NASA Advances Mission to Land on Jupiter's "Ocean Moon" Europa --"Priority: Search for Evidence of Life" (WATCH VIDEO)
NASA is asking scientists to consider what would be the best instruments to include on a mission to land on Jupiter’s icy moon, Europa. The proposed Europa lander is separate from and would follow its predecessor -- the Europa Clipper multiple flyby mission – which now is in preliminary design phase and planned for launch in the early 2020s. Arriving in the Jupiter system after a journey of several years, the spacecraft would orbit the planet about every two weeks, providing opportunities for 40 to 45 flybys in the prime mission. The Clipper spacecraft would image Europa’s icy surface at high resolution, and investigate its composition and structure of its interior and icy shell.
The community announcement provides advance notice of NASA’s plan to hold a competition for instrument investigations for a potential Europa lander mission. Proposed investigations will be evaluated and selected through a two-step competitive process to fund development of a variety of relevant instruments and then to ensure the instruments are compatible with the mission concept.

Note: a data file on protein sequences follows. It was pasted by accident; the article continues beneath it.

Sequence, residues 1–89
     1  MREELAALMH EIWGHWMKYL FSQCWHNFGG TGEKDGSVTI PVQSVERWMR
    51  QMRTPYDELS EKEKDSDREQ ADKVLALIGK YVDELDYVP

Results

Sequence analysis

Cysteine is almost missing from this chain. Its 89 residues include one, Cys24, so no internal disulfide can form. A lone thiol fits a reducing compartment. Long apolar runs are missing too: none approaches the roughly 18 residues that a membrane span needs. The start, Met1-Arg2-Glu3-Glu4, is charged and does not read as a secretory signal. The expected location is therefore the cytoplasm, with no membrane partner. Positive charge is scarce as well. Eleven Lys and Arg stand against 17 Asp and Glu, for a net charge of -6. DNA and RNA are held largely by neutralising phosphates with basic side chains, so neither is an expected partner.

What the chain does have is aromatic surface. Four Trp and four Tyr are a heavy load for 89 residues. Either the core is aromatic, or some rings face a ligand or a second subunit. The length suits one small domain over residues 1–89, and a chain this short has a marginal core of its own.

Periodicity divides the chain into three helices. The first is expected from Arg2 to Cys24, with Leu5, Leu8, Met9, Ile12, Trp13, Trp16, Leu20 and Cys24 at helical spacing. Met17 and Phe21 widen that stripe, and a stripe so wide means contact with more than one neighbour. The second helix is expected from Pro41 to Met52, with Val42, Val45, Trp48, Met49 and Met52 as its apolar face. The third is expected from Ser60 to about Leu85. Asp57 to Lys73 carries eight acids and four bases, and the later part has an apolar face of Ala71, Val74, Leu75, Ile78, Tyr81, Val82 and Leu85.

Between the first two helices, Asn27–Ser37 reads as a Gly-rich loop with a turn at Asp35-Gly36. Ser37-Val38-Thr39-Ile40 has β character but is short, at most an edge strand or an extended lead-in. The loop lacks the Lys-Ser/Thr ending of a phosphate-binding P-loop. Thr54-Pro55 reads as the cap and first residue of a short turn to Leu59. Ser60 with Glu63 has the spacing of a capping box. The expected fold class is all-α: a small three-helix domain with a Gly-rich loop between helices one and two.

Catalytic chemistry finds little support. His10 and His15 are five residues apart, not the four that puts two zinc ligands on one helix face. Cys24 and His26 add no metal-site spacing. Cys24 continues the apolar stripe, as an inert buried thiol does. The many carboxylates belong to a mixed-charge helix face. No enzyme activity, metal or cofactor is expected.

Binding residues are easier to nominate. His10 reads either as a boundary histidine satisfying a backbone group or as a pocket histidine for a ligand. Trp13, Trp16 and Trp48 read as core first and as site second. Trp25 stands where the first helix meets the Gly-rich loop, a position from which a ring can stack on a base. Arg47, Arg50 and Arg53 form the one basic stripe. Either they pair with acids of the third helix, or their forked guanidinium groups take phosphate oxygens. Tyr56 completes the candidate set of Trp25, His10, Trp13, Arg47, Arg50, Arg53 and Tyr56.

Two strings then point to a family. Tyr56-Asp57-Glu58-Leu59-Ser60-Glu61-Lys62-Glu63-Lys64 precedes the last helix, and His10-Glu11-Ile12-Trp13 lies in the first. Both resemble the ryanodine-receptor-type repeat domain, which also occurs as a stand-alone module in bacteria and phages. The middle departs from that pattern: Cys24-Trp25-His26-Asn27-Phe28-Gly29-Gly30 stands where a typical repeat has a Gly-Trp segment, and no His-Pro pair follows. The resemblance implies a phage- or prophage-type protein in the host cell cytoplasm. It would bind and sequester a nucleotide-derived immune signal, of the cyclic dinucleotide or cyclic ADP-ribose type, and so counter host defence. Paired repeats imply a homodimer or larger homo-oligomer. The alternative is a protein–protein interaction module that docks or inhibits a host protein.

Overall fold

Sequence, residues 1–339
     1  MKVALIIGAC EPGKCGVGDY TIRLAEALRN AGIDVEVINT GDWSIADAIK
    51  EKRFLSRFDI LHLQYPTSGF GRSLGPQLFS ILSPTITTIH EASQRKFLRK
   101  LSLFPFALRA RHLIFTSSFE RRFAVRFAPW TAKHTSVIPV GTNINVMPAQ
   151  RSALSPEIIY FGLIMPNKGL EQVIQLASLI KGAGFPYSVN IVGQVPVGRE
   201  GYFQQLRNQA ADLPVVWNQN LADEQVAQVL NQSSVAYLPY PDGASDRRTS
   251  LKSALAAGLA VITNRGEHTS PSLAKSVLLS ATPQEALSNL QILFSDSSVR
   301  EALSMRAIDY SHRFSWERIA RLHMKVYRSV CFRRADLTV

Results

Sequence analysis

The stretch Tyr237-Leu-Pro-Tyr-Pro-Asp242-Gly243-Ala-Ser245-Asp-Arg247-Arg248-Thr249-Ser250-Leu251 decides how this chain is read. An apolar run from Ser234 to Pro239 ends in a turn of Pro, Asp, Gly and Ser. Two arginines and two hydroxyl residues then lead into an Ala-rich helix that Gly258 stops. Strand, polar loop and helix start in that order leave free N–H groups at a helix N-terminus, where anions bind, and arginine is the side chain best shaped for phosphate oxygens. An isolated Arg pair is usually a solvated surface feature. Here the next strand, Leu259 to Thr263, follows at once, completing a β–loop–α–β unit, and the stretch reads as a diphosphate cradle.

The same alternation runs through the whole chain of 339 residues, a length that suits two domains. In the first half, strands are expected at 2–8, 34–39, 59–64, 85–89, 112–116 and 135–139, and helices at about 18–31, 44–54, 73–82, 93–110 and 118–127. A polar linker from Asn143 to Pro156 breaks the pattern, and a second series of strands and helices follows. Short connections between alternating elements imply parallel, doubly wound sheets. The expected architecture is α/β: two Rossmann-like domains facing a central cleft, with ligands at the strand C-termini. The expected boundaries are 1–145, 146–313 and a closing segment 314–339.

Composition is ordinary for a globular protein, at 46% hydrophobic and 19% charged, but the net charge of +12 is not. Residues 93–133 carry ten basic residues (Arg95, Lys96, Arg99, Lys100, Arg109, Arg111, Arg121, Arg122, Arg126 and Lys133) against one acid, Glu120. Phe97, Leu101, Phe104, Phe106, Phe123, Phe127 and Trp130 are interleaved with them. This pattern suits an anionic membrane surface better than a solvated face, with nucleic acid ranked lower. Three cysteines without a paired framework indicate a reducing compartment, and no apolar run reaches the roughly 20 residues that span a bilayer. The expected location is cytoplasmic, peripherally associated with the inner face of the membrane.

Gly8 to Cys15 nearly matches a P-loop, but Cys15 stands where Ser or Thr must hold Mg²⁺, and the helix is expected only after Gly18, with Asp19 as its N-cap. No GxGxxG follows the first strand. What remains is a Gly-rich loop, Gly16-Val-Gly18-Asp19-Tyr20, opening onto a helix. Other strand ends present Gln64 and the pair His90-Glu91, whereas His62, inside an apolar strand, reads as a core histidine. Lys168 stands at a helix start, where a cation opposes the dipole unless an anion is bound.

Approximately 10 proposals may be selected to proceed into a competitive Phase A. The Phase A concept study will be limited to approximately 12 months with a $1.5 million budget per investigation. At the conclusion of these studies, NASA may select some of these concepts to complete Phase A and subsequent mission phases.
Investigations will be limited to those addressing the following science objectives, which are listed in order of decreasing priority:
• Search for evidence of life on Europa
• Assess the habitability of Europa via in situ techniques uniquely available to a lander mission
• Characterize surface and subsurface properties at the scale of the lander
In early 2016, in response to a congressional directive, NASA’s Planetary Science Division began a study to assess the science and engineering design of a future Europa lander mission. NASA routinely conducts such studies -- known as Science Definition Team (SDT) reports -- long before the start of any mission to gain an understanding of the challenges, feasibility and science value of the potential mission. The 21-member team began work almost one year ago, submitting a report to NASA on Feb. 7.
The agency briefed the community on the Europa Lander SDT study at recent town halls at the 2017 Lunar and Planetary Science Conference (LPSC) at The Woodlands, Texas, and the Astrobiology Science Conference (AbSciCon) in Mesa, Arizona.
While a Europa lander mission is not yet approved by NASA, the agency’s Planetary Science Division has funding in Fiscal Year 2017 to conduct the announcement of opportunity process.
Image credit: With thanks to Bambam131.com